Introduction to Criminal Justice – CRJ 100
Professor Michael Sherwin
February 7, 2013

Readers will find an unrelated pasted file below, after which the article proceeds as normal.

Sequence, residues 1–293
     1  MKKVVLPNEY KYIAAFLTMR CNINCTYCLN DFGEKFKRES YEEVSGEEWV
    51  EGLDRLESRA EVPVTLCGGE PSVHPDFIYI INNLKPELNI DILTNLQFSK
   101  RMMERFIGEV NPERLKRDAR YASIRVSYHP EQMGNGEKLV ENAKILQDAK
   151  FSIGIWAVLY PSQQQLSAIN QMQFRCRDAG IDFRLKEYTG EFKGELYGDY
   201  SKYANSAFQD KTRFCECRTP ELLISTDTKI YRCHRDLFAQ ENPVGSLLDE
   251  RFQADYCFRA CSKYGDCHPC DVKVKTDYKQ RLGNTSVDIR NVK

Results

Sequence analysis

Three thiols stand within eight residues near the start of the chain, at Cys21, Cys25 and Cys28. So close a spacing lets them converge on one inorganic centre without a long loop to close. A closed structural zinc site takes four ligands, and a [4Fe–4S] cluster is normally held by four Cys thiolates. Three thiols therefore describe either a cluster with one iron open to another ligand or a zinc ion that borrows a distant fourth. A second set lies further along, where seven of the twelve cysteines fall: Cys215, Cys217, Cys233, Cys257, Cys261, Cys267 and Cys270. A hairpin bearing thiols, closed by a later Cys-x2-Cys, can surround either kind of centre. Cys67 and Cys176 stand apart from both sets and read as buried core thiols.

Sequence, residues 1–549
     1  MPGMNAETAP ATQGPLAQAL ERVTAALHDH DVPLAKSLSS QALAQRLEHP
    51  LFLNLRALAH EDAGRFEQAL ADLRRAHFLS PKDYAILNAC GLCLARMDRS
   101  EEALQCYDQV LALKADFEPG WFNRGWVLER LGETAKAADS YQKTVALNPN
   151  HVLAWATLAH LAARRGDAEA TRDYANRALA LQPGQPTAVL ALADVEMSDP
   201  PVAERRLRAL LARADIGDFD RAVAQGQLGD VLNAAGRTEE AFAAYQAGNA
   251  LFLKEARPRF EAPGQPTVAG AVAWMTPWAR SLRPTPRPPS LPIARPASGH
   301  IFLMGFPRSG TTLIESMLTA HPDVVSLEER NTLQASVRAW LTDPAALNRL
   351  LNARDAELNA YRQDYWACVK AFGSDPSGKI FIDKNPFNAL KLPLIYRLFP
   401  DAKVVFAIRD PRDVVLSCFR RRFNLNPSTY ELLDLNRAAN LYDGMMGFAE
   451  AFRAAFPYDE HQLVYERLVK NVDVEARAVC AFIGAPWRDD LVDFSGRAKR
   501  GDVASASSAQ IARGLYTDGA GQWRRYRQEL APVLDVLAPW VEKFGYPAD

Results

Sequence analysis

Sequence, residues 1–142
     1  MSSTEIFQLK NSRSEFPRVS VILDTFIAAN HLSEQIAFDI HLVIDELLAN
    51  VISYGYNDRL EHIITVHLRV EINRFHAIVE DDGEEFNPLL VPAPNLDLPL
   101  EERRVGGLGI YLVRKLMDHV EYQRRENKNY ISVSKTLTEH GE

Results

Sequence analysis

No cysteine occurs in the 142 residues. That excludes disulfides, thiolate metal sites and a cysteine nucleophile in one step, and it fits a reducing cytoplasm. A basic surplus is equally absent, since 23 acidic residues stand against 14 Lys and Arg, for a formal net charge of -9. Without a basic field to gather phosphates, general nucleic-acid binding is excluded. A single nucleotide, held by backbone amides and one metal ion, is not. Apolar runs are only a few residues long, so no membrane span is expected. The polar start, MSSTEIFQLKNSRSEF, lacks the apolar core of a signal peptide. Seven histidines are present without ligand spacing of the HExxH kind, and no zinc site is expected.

I think the most interesting part of the stages of a criminal trial is going to Trail. It is when things actually begin to take place in count and that is when the real judgment takes place. Nothing really matters until it is proven in court. By going to trail, it is basically the conclusion to the case, once it is over. Being found guilty or not guilty by the jury and/or the judge is where this happens. There can be up to nine steps in this criminal trial. All of which that leads up to the trail part of the criminal trial. It is found to have the most importance. The trail part of the criminal trial differs from the other eight steps. The trail part of the process is unique in a way. Arrest deals with a person being detained and being accused of a doing something that was not within proper code; trail is based on judgment. Bail can be offered to the suspect to pay an amount to be released from custody. That does not entirely mean that trail is called off, it just means that the suspect is granted to be free temporarily until the trail part of the process takes place. Arraignment is when the charges are stated to the defendant. After which is when the defendant may plead guilty, not guilty or no contest. Also the judge looks over the defendants bail and future scheduled dates of the criminal trial. Trail is based on judgment that is why it differs from arraignment. With preliminary hear or grand jury proceedings it goes to show that if the defendant has no probable cause then they will not be forced to into a stand trial. This part of the process deals with all of the evidence pertaining to the case. In which it is leading to trail part, by which, there is where the decision is to be made. The only true challenge that may be brought about is in the preliminary hear or grand jury part of the case. Pre-trial motions are when...